The Stage review of Desert Crossings
Sarah Wilkinson, The Stage Newspaper Review 2 March 2011
'With pervasive claps of thunder and dancers spasmodically freaking out as though demonically possessed, the opening of Desert Crossings is certainly attention-grabbing, if a little disturbing. Taking broad, difficult concepts as their starting point - the impact of geological time on humanity and the relationship between natural and cultural heritage - choreographer Gregory Maqoma and his five dancers shape a persuasively atmospheric piece that echoes with voices from a distant past.
Inspired by the connection between the landscapes of the south-west Jurassic Coast and the Skeleton Coast of Namibia, Desert Crossings unites British and African cultural influences in a dance vernacular of breathless range.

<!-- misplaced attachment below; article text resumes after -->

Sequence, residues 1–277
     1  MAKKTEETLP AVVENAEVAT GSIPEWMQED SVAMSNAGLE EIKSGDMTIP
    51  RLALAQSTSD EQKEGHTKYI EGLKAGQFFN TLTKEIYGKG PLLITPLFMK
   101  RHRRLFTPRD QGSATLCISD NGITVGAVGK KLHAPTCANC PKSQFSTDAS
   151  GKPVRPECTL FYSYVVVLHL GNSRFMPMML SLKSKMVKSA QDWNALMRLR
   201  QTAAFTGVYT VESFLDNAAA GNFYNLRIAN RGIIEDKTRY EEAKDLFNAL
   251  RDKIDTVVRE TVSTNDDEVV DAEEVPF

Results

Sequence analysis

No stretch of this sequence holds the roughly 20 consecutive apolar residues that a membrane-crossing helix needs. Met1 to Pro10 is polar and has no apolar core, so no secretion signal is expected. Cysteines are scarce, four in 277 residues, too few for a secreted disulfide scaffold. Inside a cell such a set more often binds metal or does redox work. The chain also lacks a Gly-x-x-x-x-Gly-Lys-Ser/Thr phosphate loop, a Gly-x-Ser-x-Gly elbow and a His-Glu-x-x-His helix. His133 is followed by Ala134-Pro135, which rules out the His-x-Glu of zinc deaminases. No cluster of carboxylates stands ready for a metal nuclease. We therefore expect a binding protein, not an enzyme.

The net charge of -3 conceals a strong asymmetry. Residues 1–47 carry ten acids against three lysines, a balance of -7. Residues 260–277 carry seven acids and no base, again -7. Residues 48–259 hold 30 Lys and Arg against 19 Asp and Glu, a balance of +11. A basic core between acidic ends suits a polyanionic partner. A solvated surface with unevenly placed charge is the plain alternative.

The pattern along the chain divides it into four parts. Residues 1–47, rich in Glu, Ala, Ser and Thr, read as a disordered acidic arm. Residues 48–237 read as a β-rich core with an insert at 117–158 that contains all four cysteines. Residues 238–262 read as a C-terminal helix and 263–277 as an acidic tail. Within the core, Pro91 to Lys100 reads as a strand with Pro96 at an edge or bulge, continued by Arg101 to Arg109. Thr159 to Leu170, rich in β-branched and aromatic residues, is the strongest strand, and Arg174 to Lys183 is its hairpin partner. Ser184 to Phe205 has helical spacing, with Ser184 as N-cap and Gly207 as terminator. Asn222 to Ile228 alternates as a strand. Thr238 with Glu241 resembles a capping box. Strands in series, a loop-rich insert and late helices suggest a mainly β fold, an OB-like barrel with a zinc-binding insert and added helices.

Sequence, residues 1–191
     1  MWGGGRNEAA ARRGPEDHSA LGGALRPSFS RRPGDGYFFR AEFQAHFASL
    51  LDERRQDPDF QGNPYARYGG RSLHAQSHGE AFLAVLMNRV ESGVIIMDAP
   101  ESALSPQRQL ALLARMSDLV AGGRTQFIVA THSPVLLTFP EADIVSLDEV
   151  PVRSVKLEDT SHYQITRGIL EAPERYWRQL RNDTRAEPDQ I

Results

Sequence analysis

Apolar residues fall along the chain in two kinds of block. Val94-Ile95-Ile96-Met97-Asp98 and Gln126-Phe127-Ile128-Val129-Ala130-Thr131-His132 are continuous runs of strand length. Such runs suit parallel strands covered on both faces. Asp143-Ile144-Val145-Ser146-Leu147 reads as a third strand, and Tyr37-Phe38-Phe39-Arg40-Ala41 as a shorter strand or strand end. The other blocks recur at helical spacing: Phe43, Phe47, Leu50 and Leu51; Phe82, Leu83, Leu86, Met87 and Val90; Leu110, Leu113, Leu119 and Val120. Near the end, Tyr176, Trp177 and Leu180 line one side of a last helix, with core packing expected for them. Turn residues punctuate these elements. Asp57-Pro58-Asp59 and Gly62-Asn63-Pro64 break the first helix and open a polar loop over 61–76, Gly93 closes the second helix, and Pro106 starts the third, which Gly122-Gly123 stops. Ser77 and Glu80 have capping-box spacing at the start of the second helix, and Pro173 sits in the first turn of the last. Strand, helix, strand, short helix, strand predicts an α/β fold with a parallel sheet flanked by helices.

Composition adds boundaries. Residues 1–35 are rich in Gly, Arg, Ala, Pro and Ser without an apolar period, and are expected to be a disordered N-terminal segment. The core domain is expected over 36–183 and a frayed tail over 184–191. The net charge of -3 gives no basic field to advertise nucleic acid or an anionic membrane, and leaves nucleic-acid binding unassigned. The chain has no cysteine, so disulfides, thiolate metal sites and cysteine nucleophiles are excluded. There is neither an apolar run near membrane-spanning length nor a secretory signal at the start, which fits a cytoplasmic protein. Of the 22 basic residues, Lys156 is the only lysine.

Rarely have I witnessed a dance piece so unforgiving in the energy it demands, yet the performers are ceaseless in their commitment, intensity and passionate articulation of the choreography. Sade Alleyne and Keisha Grant in particular give themselves so fully to the movements that they appear to be yielding to an invisible, uncontrollable force - one that tosses them about the stage like sacrificial victims in a hurricane of limbs. Lerato Lipere is also memorable for the fierceness of her attack, the drama she imbues in the smallest of movements and her penetrating, lioness stare.
Steve Marshall’s score drags the performers along for an exhausting ride. He litters his soundscape with primordial beats and relentless, punishing rhythms. An exhilarating production.'